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17-year trends in incidence and prognosis of cardiogenic shock in patients with acute myocardial infarction in western Sweden.

https://arctichealth.org/en/permalink/ahliterature269417
Source
Int J Cardiol. 2015 Apr 15;185:256-62
Publication Type
Article
Date
Apr-15-2015
Author
B. Redfors
O. Angerås
T. Råmunddal
C. Dworeck
I. Haraldsson
D. Ioanes
P. Petursson
B. Libungan
J. Odenstedt
J. Stewart
E. Lodin
M. Wahlin
P. Albertsson
G. Matejka
E. Omerovic
Source
Int J Cardiol. 2015 Apr 15;185:256-62
Date
Apr-15-2015
Language
English
Publication Type
Article
Keywords
Aged
Electrocardiography
Female
Forecasting
Humans
Incidence
Male
Myocardial Infarction - complications - epidemiology
Retrospective Studies
Risk factors
Shock, Cardiogenic - epidemiology - etiology
Sweden - epidemiology
Abstract
Cardiogenic shock remains the leading cause of in hospital death in acute myocardial infarction (AMI) and is associated with a mortality rate of approximately 50%. Here we investigated the 17-year trends in incidence and prognosis of AMI-induced cardiogenic shock in Västra Götaland in western Sweden, an area with approximately 1.6 million inhabitants. The study period includes the transition from thrombolysis to primary percutaneous coronary intervention (PCI) as the region-wide therapy of choice for patients with ST-elevation myocardial infarction (STEMI).
Data on patients hospitalized in cardiac care units in Västra Götaland, Sweden between 1995 and 2013 were obtained from the Swedish Websystem for Enhancement of Evidence-based Care in Heart Disease Evaluated According to Recommended Therapies (SWEDEHEART). We determined the incidence of cardiogenic shock among patients diagnosed with AMI and the risk of death associated with developing cardiogenic shock. We fitted logistic regression models to study which factors predicted post-AMI cardiogenic shock. Analyses were performed on complete case data as well as after multiple imputation of missing data.
Incidence of cardiogenic shock as a complication of AMI declined in western Sweden in the past decade, from 14% in 1995 to 4% in 2012. The risk of dying once cardiogenic shock had developed increased during the study period (p
PubMed ID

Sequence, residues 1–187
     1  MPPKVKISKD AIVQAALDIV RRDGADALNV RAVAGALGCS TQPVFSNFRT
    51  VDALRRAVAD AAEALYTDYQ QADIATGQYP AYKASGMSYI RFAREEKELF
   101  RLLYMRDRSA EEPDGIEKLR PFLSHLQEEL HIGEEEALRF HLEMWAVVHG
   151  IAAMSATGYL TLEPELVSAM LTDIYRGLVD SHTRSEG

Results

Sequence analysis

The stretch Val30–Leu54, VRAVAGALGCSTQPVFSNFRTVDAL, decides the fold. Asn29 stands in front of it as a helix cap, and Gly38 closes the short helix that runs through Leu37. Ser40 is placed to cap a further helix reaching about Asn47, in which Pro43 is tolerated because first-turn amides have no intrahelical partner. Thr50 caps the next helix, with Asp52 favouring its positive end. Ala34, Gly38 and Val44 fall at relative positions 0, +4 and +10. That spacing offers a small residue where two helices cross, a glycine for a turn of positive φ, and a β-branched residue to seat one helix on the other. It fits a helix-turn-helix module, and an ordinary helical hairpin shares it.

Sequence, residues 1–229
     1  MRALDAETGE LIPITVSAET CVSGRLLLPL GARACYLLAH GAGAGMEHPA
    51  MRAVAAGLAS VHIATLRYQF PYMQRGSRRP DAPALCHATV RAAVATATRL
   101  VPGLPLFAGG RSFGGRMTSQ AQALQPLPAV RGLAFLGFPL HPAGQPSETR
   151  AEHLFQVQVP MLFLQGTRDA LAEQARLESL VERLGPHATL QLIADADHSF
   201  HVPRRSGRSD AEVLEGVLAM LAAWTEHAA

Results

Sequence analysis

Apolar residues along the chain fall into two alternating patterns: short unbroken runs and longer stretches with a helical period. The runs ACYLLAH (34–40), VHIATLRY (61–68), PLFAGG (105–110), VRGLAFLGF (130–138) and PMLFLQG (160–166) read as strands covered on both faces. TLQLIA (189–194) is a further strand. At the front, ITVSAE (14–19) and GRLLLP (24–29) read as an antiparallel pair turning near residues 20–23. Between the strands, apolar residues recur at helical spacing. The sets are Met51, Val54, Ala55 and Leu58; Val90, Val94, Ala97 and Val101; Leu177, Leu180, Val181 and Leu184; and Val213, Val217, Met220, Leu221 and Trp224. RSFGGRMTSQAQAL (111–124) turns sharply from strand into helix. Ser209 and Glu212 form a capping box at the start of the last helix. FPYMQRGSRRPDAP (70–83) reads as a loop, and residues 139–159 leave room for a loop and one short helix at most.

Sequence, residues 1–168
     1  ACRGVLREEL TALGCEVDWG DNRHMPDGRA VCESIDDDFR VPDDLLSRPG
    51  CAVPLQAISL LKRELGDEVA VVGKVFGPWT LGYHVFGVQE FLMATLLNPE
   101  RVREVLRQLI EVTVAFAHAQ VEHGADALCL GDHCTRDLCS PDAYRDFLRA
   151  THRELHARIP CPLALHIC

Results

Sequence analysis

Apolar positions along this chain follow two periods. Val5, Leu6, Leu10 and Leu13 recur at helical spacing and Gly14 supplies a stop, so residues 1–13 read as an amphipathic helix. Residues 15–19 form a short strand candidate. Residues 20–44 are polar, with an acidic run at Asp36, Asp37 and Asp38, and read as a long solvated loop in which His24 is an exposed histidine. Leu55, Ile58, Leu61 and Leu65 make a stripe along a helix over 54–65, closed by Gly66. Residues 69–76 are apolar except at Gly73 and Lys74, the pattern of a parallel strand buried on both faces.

25814213 View in PubMed
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Angiographic findings and survival in patients undergoing coronary angiography due to sudden cardiac arrest in western Sweden.

https://arctichealth.org/en/permalink/ahliterature269292
Source
Resuscitation. 2015 May;90:13-20
Publication Type
Article
Date
May-2015
Author
Björn Redfors
Truls Råmunddal
Oskar Angerås
Christian Dworeck
Inger Haraldsson
Dan Ioanes
P. Petursson
Berglind Libungan
Jacob Odenstedt
Jason Stewart
Lotta Robertsson
Magnus Wahlin
Per Albertsson
Johan Herlitz
Elmir Omerovic
Source
Resuscitation. 2015 May;90:13-20
Date
May-2015
Language
English
Publication Type
Article
Keywords
Acute Coronary Syndrome - mortality - radiography - therapy
Aged
Coronary Angiography
Coronary Artery Disease - mortality - radiography - therapy
Coronary Occlusion - mortality - radiography - therapy
Female
Heart Arrest - mortality
Humans
Logistic Models
Male
Percutaneous Coronary Intervention
Propensity Score
Proportional Hazards Models
Prospective Studies
Registries
Severity of Illness Index
Sweden - epidemiology
Abstract
Sudden cardiac arrest (SCA) accounts for more than half of all deaths from coronary heart disease. Time to return of spontaneous circulation is the most important determinant of outcome but successful resuscitation also requires percutaneous coronary intervention in selected patients. However, proper selection of patients is difficult. We describe data on angiographic finding and survival from a prospectively followed SCA patient cohort.
We merged the RIKS-HIA registry (Register of Information and Knowledge about Swedish Heart Intensive Care Admissions) and SCAAR (Swedish Coronary Angiography and Angioplasty Registry) for patients hospitalized in cardiac care units in Western Sweden between January 2005 and March 2013. We performed propensity score-adjusted logistic and Cox proportional-hazards regression analyses on complete-case data as well as on imputed data sets.
638 consecutive patients underwent coronary angiography due to SCA. Severity of coronary artery disease was similar among SCA patients and patients undergoing coronary angiography due to suspected coronary artery disease (n=37,142). An acute occlusion was reported in the majority of SCA patients and was present in 37% of patients who did not have ST-elevation on the post resuscitation ECG. 31% of SCA patients died within 30 days. Long-term risk of death among patients who survived the first 30 days was higher in patients with SCA compared to patients with acute coronary syndromes (P
PubMed ID
25698668 View in PubMed
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Long-term mortality in patients with type 2 diabetes undergoing coronary angiography: the impact of glucose-lowering treatment.

https://arctichealth.org/en/permalink/ahliterature124602
Source
Diabetologia. 2012 Aug;55(8):2109-17
Publication Type
Article
Date
Aug-2012
Author
N. Saleh
P. Petursson
B. Lagerqvist
H. Skúladóttir
A. Svensson
B. Eliasson
S. Gudbjörnsdottir